Expedition leader Leven Brown outlined how an international team of 15 rowers would be attempting to navigate the entire length of the Northwest Passage – a feat he dubbed ‘The Last Great First’ - in entirely self-sufficient mode, without any back-up vessels or aerial assistance.
Three custom-designed craft will carry all the expedition’s equipment and supplies without touching land, documenting the trip and measuring ice conditions and ocean pollution they encounter in order to assist with environmental research. Talks are underway with the BBC, Netflix and Discovery Channel for broadcast rights.
Historically, numerous attempts to navigate the Northwest Passage have ended in failure, notably Sir John Franklin’s expedition with two ships in 1845 where all 134 lives were lost. Leven acknowledged that the trip today still held dangers, including possible attacks by polar and grizzly bears, with navigation by small craft only made possible by the effects of climate change.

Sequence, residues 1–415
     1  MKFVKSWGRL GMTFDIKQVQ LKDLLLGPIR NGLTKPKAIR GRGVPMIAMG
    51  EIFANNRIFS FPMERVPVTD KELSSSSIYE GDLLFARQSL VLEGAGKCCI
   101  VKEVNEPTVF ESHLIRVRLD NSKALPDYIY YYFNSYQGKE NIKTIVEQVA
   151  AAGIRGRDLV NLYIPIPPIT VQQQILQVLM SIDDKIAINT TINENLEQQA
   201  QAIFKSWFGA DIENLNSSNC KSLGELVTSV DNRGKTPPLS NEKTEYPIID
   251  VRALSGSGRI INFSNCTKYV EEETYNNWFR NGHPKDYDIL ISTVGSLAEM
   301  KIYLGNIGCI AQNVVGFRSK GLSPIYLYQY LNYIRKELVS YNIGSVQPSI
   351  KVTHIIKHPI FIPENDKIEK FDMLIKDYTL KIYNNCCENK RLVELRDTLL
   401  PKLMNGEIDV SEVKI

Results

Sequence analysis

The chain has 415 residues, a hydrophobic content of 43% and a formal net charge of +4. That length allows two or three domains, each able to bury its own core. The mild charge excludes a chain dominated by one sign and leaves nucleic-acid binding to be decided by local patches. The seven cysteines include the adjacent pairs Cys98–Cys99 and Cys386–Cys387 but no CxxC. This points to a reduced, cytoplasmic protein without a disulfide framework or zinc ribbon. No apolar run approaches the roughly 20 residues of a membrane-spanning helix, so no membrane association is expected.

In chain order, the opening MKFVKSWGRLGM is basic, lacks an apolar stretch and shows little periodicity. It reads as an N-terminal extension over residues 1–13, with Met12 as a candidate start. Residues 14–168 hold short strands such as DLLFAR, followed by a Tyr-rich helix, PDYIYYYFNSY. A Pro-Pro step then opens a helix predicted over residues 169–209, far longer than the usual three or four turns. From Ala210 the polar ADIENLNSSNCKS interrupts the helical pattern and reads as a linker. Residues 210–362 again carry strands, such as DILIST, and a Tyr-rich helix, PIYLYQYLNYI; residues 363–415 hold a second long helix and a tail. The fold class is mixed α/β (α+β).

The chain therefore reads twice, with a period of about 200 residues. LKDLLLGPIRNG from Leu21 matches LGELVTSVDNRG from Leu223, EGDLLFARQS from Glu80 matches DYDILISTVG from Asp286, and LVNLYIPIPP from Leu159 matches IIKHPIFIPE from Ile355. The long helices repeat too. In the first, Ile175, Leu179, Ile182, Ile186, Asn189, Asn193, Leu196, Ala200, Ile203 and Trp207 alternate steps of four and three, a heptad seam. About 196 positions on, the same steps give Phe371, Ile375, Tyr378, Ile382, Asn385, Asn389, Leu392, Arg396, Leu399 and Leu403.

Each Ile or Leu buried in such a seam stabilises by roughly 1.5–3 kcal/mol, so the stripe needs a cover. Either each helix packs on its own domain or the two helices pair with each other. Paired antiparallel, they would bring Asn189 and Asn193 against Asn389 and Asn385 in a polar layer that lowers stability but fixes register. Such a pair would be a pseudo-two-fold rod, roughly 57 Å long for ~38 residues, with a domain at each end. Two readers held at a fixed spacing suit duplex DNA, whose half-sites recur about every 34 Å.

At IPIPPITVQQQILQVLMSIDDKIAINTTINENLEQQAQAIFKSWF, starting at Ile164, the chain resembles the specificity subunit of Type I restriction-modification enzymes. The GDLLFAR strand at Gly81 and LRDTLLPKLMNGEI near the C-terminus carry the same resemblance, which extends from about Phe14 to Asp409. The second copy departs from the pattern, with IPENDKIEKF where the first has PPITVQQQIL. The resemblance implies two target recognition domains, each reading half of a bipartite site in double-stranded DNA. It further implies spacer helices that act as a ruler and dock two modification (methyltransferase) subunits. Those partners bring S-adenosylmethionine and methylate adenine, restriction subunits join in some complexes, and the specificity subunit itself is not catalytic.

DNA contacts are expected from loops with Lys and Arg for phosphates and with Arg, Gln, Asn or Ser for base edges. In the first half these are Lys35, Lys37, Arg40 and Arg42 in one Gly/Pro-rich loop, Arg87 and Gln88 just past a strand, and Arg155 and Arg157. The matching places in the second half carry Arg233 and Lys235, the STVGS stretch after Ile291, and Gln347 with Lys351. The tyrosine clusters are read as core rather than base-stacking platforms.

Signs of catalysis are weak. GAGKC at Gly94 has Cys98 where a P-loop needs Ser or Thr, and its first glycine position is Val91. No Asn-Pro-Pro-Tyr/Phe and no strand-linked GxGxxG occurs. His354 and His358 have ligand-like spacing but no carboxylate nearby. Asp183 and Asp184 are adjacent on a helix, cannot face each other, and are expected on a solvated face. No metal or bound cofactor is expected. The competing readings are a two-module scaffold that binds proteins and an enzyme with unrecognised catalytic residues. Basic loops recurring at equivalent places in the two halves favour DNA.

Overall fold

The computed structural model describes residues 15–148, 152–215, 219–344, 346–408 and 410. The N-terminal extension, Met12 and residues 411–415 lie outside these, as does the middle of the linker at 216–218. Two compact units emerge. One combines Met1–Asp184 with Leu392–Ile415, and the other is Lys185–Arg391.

The 9 metre self-righting and insulated boats, made out of Kevlar with up to three rowing positions, have been specially designed for the Arctic conditions by naval architect Ruairi Grimes together with survival expert Brown – based on Brown’s Talisker Atlantic Challenge- winning design (pictured above) but modified to be lighter, more enclosed and insulated - with technical assistance from Maritime London member Solis Marine Consultants.
Various sponsorship opportunities for the expedition are available, with the team in particular seeking assistance in delivering their boats to the start point in Pond Inlet, Canada, by August this year. The trip had originally been planned for this summer but was postponed at the request of the Canadian authorities on account of the pandemic.
To learn more about the planned expedition watch the video below
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